It's a slight pain thinking about all the different exercises and activities needed to improve and then maintain all these elements, but they are synergistic and there is so much more time to devote to them when you're not working :)

    I have also realised that traditional dieting (or new-fangled fasting) is not effective for me. The only thing that works for me at this point is portion control and balancing out my intake by, for example, having just soup for lunch if I know I will be having a big meal out in the evening.

    I wonder whether your increased booze intake is a symptom of adjusting to your new work-free status? It might calm down once you've got your head around it properly. I found that I had fallen into the trap of thinking 'I've opened a bottle of wine - we'd better drink it all' and resolved this problem by buying wine boxes. So we can have a small glass with supper without feeling the 'pressure' of seeing an opened bottle, and the box lasts as long as we want it to :)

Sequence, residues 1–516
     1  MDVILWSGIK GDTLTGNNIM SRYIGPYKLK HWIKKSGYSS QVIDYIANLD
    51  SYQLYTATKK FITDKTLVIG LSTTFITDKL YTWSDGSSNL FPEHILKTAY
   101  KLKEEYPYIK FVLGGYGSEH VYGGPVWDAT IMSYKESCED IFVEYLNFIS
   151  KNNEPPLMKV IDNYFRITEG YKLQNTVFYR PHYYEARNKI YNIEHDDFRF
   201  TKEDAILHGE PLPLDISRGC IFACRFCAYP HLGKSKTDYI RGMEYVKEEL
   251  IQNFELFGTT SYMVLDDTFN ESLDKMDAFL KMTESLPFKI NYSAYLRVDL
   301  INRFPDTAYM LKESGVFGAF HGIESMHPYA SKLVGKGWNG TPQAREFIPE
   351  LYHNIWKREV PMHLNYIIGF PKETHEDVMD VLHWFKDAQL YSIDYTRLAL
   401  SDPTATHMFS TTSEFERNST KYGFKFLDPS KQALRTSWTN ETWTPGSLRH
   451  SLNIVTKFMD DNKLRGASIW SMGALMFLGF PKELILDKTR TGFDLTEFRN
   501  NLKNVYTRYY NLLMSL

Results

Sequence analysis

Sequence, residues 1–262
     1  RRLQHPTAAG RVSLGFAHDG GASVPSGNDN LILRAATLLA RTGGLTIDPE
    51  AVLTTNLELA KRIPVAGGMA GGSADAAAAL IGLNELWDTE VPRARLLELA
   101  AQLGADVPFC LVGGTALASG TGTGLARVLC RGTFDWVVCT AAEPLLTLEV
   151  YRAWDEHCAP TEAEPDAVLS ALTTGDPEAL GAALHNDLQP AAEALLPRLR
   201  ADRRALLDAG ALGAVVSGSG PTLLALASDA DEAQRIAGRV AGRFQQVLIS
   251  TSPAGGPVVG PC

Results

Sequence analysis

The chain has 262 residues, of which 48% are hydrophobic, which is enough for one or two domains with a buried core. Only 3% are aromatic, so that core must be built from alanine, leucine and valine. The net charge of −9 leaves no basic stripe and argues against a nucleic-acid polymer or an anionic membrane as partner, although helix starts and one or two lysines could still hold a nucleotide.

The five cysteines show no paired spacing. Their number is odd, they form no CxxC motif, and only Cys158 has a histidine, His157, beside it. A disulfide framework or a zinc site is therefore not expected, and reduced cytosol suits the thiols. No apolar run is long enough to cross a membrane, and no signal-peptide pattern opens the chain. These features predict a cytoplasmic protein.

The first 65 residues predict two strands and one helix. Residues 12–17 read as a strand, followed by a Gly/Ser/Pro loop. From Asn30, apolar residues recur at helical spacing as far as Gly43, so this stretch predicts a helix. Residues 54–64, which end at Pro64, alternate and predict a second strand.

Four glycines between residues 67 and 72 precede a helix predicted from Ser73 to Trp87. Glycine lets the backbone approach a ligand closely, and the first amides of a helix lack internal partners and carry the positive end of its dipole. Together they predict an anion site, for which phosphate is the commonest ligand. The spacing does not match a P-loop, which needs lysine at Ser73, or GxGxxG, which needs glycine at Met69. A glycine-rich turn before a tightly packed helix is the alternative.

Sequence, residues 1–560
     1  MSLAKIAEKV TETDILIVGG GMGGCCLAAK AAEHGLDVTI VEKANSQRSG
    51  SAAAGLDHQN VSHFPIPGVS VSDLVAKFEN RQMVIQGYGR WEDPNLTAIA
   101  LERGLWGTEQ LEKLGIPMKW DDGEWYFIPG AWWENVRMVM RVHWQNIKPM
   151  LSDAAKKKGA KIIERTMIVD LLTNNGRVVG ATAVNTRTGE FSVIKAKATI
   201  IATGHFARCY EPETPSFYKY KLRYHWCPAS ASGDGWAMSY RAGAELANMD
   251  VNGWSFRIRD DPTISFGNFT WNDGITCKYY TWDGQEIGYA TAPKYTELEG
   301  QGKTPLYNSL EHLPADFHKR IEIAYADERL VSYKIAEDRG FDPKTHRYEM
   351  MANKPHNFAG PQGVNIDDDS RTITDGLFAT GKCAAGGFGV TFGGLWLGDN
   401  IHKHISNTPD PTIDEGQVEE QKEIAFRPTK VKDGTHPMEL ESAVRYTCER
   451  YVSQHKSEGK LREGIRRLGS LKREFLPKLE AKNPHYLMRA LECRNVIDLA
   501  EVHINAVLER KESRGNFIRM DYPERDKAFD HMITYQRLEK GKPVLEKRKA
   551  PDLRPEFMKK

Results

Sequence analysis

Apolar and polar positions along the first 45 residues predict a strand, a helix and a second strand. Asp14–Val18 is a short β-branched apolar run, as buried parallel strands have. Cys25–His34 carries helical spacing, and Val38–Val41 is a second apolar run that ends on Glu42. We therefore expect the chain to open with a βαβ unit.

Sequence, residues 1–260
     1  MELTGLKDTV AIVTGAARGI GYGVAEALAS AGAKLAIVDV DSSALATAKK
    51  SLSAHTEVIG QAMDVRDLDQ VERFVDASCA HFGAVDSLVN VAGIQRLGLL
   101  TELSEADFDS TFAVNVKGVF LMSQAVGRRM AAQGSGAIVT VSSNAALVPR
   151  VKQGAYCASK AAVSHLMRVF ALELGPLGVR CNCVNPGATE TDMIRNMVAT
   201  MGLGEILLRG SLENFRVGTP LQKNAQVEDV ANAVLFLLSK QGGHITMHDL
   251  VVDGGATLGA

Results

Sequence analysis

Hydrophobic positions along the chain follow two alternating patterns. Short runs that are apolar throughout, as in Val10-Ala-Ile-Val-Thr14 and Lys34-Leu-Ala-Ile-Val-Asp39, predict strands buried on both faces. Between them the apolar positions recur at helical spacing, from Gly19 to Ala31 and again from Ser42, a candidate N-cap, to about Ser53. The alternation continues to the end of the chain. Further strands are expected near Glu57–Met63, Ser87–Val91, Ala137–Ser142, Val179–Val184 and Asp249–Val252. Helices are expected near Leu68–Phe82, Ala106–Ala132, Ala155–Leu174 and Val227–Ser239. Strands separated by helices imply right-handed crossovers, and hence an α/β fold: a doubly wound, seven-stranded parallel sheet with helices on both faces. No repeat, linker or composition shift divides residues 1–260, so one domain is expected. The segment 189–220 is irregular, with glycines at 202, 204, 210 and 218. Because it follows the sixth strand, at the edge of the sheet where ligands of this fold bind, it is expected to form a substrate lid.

Good luck with the blog!


    Now that we all have to pay attention to wretched units,

    1. Sorry, that last sentence came adrift from halfway through the final paragraph somehow...


    2. Hi Jane, thanks for your comments and it sounds like you have adopted a realistic and workable approach to diet and fitness. You seems to have established some new, sensible routines around food and drink and you are probably correct in approaching things in that way rather than "dieting" which we now know often results in weight going back on. The 2 days fasting (actually not technically fasting as you can have 600 calories a day)is not so much a diet as new habit which I have found beneficial in giving my body a rest from food and drink and leaves me feeling more energetic which is a surprising and positive side effect. The key thing is not let the weight creep up and to find a range of activities to keep the body and mind in shape. Not sure I can trust myself yet with a whole wine box.. but a good idea!